CSU Finance Committee approves fee increase
November 10, 2010 8:06 PM
The CSU Board of Trustees Finance Committee agreed to increase student fees by 15 percent over the next year Nov. 9, despite numerous objections from audience members.
The entire board will vote on the increase today.
"I am now forced to drop out from my last semester at Cal State Fullerton because I no longer am able to afford it. I will leave Cal State Fullerton with an unfinished career opportunity and a debt to work on," said Michelle Santizo, a board member for CSU Fullerton's Associated Students, Inc. "You have already taken my dream and you will continue to take many other's dreams when you keep increasing fees."
The fee increase, approved in two motions, will raise fees by 5 percent for the spring 2011 semester and 10 percent for the 2011-2012 academic year.
"It's rather frightening to see higher education attacked by irrational decisions such as raising fees," said Priscilla Martinez, a student at CSU Dominguez Hills. "These decisions are directly affecting California State University students and holding us back from graduation."
However, even with the increase, the CSU system will be 39 percent lower than 15 other public universities across the country that the California Postsecondary Education Commission grouped for comparison with the CSUs, according to Herbert Carter, chair of the CSU Board of Trustees.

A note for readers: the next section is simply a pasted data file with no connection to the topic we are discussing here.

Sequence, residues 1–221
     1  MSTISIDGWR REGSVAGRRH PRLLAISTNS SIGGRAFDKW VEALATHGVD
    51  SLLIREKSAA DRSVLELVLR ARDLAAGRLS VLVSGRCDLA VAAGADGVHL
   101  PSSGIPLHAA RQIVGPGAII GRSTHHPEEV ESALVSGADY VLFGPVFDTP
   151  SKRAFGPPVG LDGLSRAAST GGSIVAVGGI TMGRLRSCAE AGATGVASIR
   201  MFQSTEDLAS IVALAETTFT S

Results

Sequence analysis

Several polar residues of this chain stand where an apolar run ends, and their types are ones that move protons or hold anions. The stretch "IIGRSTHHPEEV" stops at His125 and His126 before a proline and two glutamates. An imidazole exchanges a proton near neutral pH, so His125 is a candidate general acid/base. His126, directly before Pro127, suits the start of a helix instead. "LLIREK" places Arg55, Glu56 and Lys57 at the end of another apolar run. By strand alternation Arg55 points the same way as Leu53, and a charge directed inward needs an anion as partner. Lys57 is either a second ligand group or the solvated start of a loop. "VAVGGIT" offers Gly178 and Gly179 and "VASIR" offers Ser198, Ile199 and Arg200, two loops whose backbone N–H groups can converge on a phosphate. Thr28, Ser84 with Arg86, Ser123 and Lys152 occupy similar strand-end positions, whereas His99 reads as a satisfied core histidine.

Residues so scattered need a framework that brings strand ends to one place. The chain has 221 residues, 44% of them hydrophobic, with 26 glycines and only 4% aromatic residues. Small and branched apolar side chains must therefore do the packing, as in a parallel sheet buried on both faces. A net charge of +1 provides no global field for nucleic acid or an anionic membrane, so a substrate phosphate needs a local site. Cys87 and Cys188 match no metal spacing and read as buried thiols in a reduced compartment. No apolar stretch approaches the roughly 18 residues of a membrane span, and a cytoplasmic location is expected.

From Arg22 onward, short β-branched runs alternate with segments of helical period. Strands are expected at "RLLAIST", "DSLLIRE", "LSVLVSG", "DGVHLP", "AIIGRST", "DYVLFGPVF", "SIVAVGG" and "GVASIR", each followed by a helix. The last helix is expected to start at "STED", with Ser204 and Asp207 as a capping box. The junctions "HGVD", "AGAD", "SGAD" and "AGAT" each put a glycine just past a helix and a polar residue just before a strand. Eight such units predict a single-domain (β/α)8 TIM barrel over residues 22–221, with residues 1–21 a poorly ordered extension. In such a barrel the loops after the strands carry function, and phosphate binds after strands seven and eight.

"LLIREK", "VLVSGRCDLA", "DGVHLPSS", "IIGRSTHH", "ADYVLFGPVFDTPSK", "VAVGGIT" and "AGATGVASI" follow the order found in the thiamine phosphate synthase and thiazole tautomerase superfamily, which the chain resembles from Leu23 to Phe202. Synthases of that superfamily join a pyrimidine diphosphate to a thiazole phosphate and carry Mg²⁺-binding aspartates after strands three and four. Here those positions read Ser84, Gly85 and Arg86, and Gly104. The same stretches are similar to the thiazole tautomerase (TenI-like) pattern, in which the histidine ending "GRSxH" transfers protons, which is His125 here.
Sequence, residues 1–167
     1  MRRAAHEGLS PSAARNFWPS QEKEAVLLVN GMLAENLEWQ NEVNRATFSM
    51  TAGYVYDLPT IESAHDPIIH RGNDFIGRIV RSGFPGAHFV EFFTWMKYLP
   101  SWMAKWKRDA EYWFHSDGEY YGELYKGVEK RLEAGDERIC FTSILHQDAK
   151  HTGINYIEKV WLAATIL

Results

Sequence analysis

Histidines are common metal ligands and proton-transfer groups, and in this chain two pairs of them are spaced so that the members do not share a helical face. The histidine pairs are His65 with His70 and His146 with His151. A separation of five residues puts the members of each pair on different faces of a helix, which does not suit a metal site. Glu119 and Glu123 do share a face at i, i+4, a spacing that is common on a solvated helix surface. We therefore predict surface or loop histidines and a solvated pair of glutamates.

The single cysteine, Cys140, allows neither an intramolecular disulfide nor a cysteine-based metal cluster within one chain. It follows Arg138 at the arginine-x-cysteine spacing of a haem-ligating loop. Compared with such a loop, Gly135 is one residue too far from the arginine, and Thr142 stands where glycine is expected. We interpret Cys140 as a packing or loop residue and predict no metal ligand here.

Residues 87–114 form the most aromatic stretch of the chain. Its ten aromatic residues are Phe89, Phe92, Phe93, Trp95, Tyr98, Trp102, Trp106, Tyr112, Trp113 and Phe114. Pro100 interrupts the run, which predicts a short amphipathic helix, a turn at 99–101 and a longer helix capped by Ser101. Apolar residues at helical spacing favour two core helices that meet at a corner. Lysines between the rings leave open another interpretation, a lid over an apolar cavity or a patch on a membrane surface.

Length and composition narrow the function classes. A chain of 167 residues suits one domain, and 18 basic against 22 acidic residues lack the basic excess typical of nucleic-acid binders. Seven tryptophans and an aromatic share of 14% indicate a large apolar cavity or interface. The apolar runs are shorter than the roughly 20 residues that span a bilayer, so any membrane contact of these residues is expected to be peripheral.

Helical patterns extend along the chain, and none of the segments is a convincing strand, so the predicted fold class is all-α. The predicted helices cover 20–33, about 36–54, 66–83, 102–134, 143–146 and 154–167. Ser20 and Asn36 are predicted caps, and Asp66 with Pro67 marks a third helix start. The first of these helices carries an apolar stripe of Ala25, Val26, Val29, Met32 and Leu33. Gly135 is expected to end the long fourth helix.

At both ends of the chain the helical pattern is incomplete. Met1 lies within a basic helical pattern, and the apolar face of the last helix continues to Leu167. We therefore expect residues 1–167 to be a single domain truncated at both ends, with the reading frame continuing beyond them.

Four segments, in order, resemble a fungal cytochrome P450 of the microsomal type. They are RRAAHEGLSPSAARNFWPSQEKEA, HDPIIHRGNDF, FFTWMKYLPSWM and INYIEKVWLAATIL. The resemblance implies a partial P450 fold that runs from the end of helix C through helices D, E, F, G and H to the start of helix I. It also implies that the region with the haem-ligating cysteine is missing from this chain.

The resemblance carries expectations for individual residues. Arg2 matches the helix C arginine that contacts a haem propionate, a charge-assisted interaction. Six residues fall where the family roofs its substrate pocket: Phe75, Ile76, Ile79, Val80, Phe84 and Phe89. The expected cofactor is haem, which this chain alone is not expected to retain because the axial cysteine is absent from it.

"By Comparison with the rest of the country, the CSU system has been and will remain a relatively affordable institution," he said.
The finance committee also voted to recommend to CSU Chancellor Charles Reed to change the terminology from "fees" to "tuition."
"We want to be honest in the terms we use and we're planning to start using the term 'tuition' to refer to some of the fees our students currently pay," said Benjamin Quillian, chief financial officer for the board. "This is only a change in terminology."
Still, there are implications in terms of public policy and California's approach toward higher education.
The change in terminology would change the state's mindset and allow for further increases to the CSU system said board member Melinda Guzman.
"This board, I don't believe, should be making a public policy decision that significantly alters legislative intent of creating our system," she said. "That is what I have a problem with."
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